How to get non-techy staff on board with new membership management software

Is your team scared of new technology?

Here’s how to get non-techy staff on board with new membership management software

When it’s time for new membership management software, it’s important to get your entire organization on board with the new technology. From your executive leadership and board of directors to each department that will be using the software, everyone needs to understand the value of implementing modern software. It also helps if everyone understands each other’s work as it relates to their job function and the overall goals of the organization. 

But talking about membership management software can sometimes sound like a different language to non-technical employees or coworkers. 

Of course, from the technical side, it’s important to call things what they are and be specific. And from the membership management side, it’s nice to know what’s going on and have a conversation without needing to grab a technical manual. But for tech folks, it can sometimes be hard to step back from day-to-day work and explain to non-technical colleagues about technical concepts.  

So, let’s take a look at ways to discuss the technical components of membership management software with non-technical team members. Here are a few tips to frame technical conversations in a way that’s useful to everyone in the organization: 

witchSpeak with the member perspective in mind. 

“Speaking the same language” usually means that two parties share the same belief pattern or point of view about a certain topic. You would think that for two people working at the same organization, this would be easy. 

But what happens when two coworkers are speaking different languages at work? One could be speaking plain English and the other is speaking JavaScript (a web language) or SQL (a database language). 

It might seem funny to think about it that way, but the results can really be frustrating. And if miscommunication negatively impacts the value you’re able to deliver to your members, you might have a real problem on your hands. 

So, what’s the solution? 

 If you always try to speak with the member perspective in mind, as opposed to using technical jargon, it will resonate more with non-technical coworkers and lead to more productive conversations. skull

For example, note how this conversation can be easily “fixed” once we include the member: 

Member associate: Why can’t I send the launch announcement email yet? I thought we were ready to go. 

Programmer: I found a bug in the hashing sequence and need to fix it so the data flows properly and securely. 

 Member associate: [blank stare]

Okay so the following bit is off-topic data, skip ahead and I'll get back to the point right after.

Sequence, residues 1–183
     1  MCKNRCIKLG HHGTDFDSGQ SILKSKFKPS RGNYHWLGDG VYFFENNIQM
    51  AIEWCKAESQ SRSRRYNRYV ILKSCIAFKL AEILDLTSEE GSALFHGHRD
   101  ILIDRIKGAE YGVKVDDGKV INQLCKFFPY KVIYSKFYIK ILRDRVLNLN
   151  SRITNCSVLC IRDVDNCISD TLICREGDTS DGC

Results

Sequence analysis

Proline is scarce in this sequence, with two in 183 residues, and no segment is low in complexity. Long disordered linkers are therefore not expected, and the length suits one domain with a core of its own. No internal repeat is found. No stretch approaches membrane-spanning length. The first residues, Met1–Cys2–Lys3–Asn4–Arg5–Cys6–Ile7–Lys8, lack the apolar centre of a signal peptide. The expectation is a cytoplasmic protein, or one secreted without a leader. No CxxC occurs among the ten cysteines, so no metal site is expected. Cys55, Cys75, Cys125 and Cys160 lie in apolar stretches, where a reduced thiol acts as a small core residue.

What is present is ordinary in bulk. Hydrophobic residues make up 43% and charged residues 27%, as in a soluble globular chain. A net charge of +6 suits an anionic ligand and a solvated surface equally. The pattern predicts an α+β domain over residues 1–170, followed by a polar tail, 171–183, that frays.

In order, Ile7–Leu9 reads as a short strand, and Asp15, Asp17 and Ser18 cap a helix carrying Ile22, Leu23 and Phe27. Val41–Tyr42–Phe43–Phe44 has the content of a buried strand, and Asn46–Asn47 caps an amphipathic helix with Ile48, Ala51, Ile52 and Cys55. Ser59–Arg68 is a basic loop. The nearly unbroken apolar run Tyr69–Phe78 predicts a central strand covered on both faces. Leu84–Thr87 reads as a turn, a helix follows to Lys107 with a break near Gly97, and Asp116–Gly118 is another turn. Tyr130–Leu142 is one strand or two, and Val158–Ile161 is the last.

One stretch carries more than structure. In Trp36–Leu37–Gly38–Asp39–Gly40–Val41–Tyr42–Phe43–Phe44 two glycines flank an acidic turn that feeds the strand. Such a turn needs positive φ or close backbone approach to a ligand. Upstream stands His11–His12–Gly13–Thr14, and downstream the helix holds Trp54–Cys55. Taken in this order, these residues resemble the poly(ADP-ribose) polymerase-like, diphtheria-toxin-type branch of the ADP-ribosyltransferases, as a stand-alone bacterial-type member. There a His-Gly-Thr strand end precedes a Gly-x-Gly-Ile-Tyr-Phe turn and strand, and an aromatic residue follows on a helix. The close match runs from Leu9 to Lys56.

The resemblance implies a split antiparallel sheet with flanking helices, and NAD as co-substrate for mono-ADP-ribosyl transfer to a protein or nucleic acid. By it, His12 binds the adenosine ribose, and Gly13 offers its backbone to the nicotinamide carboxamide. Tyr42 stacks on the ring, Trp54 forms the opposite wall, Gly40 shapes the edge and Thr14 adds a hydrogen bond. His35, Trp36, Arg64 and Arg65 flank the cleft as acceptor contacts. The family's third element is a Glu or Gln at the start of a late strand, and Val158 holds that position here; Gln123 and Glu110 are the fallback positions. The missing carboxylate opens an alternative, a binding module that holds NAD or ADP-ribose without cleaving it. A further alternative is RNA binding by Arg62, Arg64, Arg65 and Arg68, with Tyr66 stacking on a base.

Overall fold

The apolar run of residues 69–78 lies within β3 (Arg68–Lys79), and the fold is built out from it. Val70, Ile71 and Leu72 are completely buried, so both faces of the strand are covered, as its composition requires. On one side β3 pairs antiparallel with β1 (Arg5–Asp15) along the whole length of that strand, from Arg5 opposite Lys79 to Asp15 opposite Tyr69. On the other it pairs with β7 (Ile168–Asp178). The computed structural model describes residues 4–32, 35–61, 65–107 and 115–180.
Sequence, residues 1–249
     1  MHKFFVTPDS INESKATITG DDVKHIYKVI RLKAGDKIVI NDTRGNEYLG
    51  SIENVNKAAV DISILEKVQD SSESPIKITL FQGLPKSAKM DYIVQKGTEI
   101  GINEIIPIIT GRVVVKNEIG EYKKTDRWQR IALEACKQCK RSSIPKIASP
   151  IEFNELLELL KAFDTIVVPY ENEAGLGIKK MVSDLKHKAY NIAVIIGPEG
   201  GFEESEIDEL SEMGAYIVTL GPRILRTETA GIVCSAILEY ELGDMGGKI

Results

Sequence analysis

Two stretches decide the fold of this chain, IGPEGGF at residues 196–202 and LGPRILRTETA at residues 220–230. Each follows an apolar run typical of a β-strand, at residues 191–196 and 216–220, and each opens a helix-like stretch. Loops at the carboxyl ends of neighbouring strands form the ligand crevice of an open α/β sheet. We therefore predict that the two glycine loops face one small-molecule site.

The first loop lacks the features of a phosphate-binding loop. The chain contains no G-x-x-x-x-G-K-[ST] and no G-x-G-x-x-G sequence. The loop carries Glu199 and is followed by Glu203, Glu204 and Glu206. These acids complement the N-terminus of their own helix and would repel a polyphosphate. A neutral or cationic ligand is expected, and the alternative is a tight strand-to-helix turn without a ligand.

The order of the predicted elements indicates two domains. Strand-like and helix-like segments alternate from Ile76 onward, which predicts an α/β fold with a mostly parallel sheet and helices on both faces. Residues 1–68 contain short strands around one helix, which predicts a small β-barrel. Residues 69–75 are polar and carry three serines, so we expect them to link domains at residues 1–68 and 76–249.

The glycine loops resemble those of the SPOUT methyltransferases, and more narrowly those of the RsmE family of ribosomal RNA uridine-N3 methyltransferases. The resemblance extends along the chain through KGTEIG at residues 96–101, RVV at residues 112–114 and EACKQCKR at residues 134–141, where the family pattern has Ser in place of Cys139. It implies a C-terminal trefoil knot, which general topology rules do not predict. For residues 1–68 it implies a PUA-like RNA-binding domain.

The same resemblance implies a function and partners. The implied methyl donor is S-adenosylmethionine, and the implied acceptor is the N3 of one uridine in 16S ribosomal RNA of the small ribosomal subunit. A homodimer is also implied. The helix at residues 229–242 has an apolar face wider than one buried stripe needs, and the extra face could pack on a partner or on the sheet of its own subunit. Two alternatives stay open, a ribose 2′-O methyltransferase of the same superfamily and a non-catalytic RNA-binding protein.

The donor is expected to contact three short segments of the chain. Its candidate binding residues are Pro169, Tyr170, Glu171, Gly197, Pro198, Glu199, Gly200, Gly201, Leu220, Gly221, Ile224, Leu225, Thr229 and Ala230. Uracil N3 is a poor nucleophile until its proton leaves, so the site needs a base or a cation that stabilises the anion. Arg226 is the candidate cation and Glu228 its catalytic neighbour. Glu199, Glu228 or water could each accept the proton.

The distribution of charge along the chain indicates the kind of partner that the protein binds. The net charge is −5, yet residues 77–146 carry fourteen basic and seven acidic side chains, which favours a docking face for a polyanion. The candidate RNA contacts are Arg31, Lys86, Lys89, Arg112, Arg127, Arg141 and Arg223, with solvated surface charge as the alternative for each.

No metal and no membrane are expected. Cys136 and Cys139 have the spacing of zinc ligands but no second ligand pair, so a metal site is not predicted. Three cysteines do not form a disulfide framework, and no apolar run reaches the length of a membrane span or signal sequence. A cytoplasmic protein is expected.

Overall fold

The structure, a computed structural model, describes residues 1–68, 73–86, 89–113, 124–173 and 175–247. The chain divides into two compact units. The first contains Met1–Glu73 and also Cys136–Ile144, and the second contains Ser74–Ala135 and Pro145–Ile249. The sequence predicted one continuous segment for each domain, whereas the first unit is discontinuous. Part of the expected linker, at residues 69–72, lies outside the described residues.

Programmer: Until I fix this bug, the algorithm that transmits the member data won’t properly protect it. The data will be vulnerable to attacks or accidental leaks. We didn’t find it in our initial testing, but it’s clear there’s an issue now. 

Member associate: Oh, OK. Yes, please fix that before we launch! I’ll go prepare an email reminding our members how careful we are with their data. Where could I learn more about how this works? 

Programmer: I’ll send you a link to an article with a great explanation. Thanks for your patience. 

Wasn’t that informative, and even downright pleasant? By putting your members into the conversation, you can communicate more effectively and get back to work quicker. 

candy cornTip: With Aptify you can setup workflows to automate processes like the situation above to cause even less confusion.  

Focus on the membership department. 

Every department of a member-based association or organization is important to the big picture. On the other hand, the membership department will always require some special attention. After all, they’re the ones on the front lines, handling member inquiries, support issues, and keeping things running smoothly. Oh, and they’re responsible for driving and maintaining revenue. 

 For these reasons, it can be helpful for technical teams to put their projects and conversations in the context of the membership department. You can do this by making sure the membership team understands how the membership management technology will help their operations, make their job easier, and put them into a better position to serve the membership base. 

Discuss how data impacts the non-technical role. 

Every employee would love to have technology make their job easier or help them provide better service. So, showing non-technical coworkers how data and technology can impact their role can be an extremely convincing way to explain complex topics. 

For example, consider how your coworkers would answer these questions: